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Sloan, Samuel, 1815-1884 / Sloan's homestead architecture, containing forty designs for villas, cottages, and farm houses, with essays on style, construction, landscape gardening, furniture, etc. etc.
(1861)

Design VIII.: model residence for a physician,   pp. 106-110 ff.


Page 108

 108
              HOMESTEAD ARChITECTURE.
 acknowledged intelligence, and winle many may dis-
 pute his taste, but few can find fault with his judg-
 ment: an investigation of the plan of his dwelling will
 go far to sustain us in the latter allegation.
   ACCOMMODATION .- The front entrance is effected
 through the end veranda H, fig. 44, into the hall A,
 12 by 21 feet, which, besides containing the staircase,
 is ample enough for a small company to resort to for
 conversation in the pleasant days of summer: being
 provided with a fire-place, it would be an excellent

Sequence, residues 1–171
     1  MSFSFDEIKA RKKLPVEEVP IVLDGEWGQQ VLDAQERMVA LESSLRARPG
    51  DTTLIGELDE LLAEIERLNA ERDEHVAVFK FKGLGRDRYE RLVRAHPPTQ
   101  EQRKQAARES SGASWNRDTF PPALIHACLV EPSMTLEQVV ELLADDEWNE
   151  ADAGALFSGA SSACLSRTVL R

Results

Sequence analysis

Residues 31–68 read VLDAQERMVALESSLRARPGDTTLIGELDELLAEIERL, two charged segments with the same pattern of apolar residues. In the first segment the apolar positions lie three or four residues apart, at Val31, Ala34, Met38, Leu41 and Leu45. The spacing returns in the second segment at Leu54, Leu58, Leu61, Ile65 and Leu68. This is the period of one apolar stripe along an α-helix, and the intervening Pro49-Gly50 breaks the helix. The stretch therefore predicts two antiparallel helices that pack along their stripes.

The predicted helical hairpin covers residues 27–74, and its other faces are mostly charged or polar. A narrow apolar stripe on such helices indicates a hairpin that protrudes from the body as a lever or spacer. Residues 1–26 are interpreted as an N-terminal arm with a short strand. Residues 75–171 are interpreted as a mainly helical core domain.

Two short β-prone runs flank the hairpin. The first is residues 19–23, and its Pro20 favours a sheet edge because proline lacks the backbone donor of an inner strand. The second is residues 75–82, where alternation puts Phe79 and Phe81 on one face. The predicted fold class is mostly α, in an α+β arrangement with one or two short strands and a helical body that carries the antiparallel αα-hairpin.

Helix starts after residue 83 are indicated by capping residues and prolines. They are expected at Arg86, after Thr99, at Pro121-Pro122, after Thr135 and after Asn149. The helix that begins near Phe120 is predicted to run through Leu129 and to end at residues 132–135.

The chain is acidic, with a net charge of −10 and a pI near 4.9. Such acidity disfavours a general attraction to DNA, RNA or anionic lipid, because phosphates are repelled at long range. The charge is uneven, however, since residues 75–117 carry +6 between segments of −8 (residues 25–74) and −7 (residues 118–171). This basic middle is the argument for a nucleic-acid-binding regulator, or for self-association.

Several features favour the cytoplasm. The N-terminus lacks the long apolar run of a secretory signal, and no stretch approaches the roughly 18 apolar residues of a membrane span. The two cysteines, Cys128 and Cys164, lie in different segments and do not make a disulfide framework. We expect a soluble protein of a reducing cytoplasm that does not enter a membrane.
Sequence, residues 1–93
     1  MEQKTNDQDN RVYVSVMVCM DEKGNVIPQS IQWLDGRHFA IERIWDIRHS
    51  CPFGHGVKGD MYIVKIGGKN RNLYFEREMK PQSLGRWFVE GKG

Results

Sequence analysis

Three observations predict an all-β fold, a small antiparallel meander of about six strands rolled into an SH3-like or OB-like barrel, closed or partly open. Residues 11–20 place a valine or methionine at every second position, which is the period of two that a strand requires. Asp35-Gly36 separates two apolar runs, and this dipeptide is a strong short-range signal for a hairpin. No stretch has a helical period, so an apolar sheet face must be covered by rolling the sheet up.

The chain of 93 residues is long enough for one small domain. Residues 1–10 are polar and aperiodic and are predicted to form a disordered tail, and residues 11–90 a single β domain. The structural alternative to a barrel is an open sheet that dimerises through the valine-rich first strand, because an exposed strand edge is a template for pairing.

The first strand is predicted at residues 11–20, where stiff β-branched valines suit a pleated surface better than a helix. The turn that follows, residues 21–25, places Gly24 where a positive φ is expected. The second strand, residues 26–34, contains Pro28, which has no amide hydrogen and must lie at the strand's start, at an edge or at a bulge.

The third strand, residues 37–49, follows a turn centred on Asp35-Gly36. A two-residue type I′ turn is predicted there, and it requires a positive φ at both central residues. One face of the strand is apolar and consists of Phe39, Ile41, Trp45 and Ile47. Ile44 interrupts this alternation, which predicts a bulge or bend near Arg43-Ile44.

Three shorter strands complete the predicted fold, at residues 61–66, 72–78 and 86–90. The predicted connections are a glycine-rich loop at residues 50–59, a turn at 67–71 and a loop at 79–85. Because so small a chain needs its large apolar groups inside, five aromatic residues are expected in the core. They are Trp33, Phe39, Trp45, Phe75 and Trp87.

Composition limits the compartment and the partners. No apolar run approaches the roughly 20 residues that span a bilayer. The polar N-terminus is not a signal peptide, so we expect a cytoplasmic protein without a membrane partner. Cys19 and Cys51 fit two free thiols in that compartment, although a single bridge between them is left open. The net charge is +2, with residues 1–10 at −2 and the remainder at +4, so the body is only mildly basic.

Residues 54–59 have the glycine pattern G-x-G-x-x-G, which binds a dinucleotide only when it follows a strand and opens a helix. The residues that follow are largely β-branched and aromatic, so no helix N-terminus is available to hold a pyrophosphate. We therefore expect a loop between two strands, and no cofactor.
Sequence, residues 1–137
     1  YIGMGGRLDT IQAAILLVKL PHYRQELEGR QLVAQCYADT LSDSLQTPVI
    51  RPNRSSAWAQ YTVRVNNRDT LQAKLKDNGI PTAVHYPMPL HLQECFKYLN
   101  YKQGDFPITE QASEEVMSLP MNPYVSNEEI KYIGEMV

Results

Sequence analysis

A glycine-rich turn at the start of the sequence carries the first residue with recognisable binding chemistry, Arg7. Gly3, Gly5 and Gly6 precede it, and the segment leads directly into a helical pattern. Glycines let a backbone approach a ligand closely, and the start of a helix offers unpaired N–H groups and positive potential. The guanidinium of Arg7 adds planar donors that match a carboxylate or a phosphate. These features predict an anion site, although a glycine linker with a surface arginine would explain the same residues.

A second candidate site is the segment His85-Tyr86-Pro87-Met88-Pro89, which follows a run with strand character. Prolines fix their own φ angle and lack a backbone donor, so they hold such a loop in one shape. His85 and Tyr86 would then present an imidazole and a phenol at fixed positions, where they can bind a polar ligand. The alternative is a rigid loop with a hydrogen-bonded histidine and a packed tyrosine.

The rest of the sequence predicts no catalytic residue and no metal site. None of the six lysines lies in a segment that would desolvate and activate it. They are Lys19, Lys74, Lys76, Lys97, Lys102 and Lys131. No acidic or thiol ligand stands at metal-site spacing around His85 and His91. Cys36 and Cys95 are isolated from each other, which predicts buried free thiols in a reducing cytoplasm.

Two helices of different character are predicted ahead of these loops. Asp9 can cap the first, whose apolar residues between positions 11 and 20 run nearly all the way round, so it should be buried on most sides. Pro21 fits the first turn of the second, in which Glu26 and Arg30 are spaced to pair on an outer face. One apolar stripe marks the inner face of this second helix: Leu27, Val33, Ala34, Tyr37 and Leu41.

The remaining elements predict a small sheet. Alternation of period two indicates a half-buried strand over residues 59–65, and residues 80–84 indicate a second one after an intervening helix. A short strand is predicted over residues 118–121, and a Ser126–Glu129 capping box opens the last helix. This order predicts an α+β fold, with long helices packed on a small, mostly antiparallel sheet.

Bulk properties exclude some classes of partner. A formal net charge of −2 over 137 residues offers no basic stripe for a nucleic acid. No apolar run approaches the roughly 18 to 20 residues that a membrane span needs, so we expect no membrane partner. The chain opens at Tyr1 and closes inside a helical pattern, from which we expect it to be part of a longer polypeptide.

place at any season for the entertainment of such
 visitants as are too unscrupulous with regard to the
state of their boots to be admitted to the parlor.  So
much for the hall.  On the left, as we enter, we ob-
serve B, 17 by 15 feet, one of the cosiest little parlors
that you can well imagine; just the right size to enter-
tain all your country acquaintances in, that might feel
slighted by being invited to the dining-room.     This
apartment, designated by the letter C, is 15 by 20 feet.
Beyond is a snug little chamber D, 12 feet square: this
would perhaps be the best apartment for an office;
change the window next the veranda, 11, to a door,
and we have at once an entrance for the admission of
such patients as might prefer coming to see the
"doctor" instead of his visiting them. A possible, but
less convenient location for an office would be on the
second floor, over the hall; a serious objection to this,
however, would be the abuse of the l)ril~cipal stairs, and
especially the stair carpets.  The kitchen E is 15 by
12 feet, and entered from the front hall or the dining-
room at pleasure, and has a back door, as every kitchen
ought to have; but, by a little inattention, no steps
have been provided for it, much less any shelter which


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